7. WATER TALKIE

In 1996, fifth-grader Richie Stachowski invented the Water Talkie, a device that allows people to talk to each other underwater. It was a hit, so Stachowski expanded his product line under a company he called Short Stack. The new lineup included the Scuba Scope and the Bumper Jumper Water Pumper. In 1999, at age 13, the pint-sized entrepreneur sold Short Stack to a San Francisco-based toy company for what was speculated to be millions.

8. SUPERMAN

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As a teen, Jerry Siegel was having a hard time sleeping one hot summer night in 1934. Restless, his mind turned to his favorite science fiction stories—and as he looked outside at the moon, he got an idea of his own. Siegel jotted them down, and in the morning, ran to visit his artist friend Joe Shuster, who made some sketches. Four years later, they found a publisher, and today, Superman is one of the most recognizable characters in the world.

9. SWIM FLIPPERS

In the early 1700s, an 11-year-old boy who loved to swim noted that he could cut through the water more easily if he had more surface area to push through it with. He fashioned handheld swimming fins out of oval-shaped planks, making holes in the middle for his hands. He made fins for his feet as well, but wasn’t happy with the clunky design and quickly abandoned them.

The fins were just one of the boy’s many inventions—the kid we know today as Ben Franklin grew up to create a stove, the odometer, a lightning rod, and bifocals, among other things. As an adult, his continued love for swimming earned him a spot in the International Swimming Hall of Fame.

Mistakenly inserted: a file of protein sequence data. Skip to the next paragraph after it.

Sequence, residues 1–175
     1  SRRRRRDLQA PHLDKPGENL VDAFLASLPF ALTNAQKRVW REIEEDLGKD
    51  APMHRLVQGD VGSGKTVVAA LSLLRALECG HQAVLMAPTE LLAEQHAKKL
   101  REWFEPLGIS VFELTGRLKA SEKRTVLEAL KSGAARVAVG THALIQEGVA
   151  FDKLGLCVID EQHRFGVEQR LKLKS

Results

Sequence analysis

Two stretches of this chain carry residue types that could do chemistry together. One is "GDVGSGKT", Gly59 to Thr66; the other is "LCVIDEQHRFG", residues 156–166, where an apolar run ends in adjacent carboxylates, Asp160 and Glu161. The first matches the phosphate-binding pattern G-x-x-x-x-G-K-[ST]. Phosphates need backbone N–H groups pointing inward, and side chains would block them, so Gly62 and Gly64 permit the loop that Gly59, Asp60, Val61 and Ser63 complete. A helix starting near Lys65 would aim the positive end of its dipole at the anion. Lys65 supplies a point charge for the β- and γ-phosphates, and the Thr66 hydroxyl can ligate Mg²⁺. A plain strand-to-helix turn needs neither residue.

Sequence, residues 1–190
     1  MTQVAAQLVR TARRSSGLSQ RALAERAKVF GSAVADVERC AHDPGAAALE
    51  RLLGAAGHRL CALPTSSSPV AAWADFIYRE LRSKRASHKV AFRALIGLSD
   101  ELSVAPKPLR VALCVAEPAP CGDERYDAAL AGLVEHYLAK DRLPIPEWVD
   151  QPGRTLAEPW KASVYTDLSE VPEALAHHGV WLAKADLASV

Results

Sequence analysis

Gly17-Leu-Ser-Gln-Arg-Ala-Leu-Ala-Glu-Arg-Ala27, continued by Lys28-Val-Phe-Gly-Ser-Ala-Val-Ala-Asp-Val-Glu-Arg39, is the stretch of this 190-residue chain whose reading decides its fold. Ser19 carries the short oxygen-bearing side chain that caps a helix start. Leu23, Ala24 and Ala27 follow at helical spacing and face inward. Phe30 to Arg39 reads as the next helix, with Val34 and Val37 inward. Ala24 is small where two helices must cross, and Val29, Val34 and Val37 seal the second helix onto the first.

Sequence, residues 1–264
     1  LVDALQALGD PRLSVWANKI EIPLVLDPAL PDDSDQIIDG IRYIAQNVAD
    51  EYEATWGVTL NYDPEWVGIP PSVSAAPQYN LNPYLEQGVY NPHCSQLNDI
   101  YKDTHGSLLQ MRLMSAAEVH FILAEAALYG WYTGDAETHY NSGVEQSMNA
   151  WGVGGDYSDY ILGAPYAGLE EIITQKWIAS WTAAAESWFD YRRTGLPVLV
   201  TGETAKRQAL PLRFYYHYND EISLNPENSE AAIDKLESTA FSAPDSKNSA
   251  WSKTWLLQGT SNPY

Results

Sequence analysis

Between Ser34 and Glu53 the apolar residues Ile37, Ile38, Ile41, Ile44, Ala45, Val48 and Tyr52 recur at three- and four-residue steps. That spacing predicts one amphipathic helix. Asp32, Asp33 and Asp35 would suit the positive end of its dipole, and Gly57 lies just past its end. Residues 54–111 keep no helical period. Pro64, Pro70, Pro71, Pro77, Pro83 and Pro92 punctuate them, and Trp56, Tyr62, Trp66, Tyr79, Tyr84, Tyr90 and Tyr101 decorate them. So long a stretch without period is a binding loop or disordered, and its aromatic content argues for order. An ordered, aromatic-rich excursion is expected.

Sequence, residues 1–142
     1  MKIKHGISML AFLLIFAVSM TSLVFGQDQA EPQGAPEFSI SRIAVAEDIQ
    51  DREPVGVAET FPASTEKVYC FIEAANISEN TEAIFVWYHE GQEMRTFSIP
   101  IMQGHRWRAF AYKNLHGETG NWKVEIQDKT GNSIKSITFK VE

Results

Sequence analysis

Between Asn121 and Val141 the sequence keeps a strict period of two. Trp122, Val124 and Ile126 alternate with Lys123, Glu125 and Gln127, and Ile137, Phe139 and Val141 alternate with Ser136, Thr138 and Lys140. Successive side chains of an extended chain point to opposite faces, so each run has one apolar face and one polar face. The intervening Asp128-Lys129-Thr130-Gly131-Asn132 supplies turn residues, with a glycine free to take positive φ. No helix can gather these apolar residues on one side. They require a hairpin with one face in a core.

10. EARMUFFS

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It can get pretty chilly in Maine, so it’s no wonder that they have a day honoring Chester Greenwood, who invented earmuffs in 1873 when he was just 15. Greenwood loved to ice skate on frozen ponds during the cold Maine winters, but a wool allergy kept him from donning the warm hats with earflaps that his friends wore. Tired of having to call it quits due to his cold ears, Greenwood asked his grandmother to sew flaps of flannel or beaver fur onto some wires that he could bend around his head. Ten years later, Greenwood was the owner of an earmuff factory that produced 50,000 of them every year.

By the way, should you want to celebrate Greenwood and his cozy contribution to society, Chester Greenwood Day is the first Saturday in December.

11. MAKIN' BACON

You may remember the Makin' Bacon kitchen gadget from the 1990s; you may even still own one. The microwave rack, which cooks bacon strips perfectly while catching the excess grease in a drip pan, was the brainchild of an 8-year-old girl named Abbey Fleck. Abbey was helping her parents with breakfast one morning when they ran out of paper towels to sop up the grease. After wondering why they couldn't just hang the bacon like laundry and let the extra fat drip off, she and her dad fashioned a successful prototype out of plastic hangers and dowel rods. She has since sold 2.7 million Makin' Bacons through Walmart alone.

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The Elements
9 Diamond-Like Facts About Carbon
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iStock / Collage by Jen Pinkowski

How well do you know the periodic table? Our series The Elements explores the fundamental building blocks of the observable universe—and their relevance to your life—one by one.
 
 
It can be glittering and hard. It can be soft and flaky. It can look like a soccer ball. Carbon is the backbone of every living thing—and yet it just might cause the end of life on Earth as we know it. How can a lump of coal and a shining diamond be composed of the same material? Here are eight things you probably didn't know about carbon.

1. IT'S THE "DUCT TAPE OF LIFE."